People in the United States, including Arizona residents, expect a right to privacy within their own property. The wording of the U.S. Constitution expressly forbids police officers from conducting “unreasonable” search and seizure, which means they cannot enter private property without a warrant. However, for centuries, court cases have attempted to define the parameters of the word “unreasonable.” For that matter, there is also an ongoing debate about what is considered private property that’s not open to uninvited visitors. In an attempt to address the issue of whether or not the police can enter private property without a warrant issued for probable cause, the court has put several laws into place to define where the police can and cannot go on a private citizen’s property.
The law uses its understanding of the word “curtilage” in order to define the spaces where a resident can and cannot expect a reasonable amount of choice as to who can access their property. The curtilage is the area immediately surrounding a residence such as the lawn, yard, or walkway toward a front door. This area is typically considered open for access. For example, you couldn’t make a trespassing charge against a delivery person, a new neighbor, or a cookie-selling girl scout who walks across your front lawn to knock on your door. The curtilage only refers to the area of a property immediately surrounding the home.
The court considers police officers to be within the law if they approach a residence to knock on a front door (a “knock and talk”) as long as the curtilage is open to others. However, this rule changes under certain circumstances.
Police officers are allowed to walk onto private property anywhere any other uninvited visitor would be free to go, such as up a front walkway to the door. However, if a resident wishes to prevent the police and others from approaching their front door or entering the area around their home known as the curtilage, simply posting a no-trespassing sign alone is not enough to prevent the police from legally entering the property, including in Arizona. Nor is having a fence installed around the property enough to legally prevent the police from entering. However, a resident legally revokes permission to approach a home through the curtilage through the following two means together:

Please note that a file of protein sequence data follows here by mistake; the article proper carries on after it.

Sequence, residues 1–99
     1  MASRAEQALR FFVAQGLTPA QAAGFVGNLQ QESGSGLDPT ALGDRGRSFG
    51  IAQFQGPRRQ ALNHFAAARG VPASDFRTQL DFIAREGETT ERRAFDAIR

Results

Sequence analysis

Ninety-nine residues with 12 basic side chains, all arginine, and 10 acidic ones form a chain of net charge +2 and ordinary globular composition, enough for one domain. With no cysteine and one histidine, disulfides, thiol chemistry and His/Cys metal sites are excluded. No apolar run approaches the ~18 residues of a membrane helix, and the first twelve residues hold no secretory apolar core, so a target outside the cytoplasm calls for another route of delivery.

The courts have decided that this combination of actions essentially makes the curtilage a part of the home itself and off-limits to uninvited visitors including the police. Police officers must have a warrant in order to enter a property with both a fence and a no-trespassing sign. The courts consider this combination as sufficient notice that the resident of the property has revoked the right that others have to enter the curtilage.
If police officers ignore a posted “No Trespassing sign” and walk into a fenced-off area to approach a home, they’ve violated the owner’s 4th amendment rights. If they find cause for criminal charges while on your property they’ve committed an illegal search and seizure that could be grounds for the dismissal of their case.
If you have questions about police entry to your property or illegal search and seizure, an Arizona criminal defense attorney can help.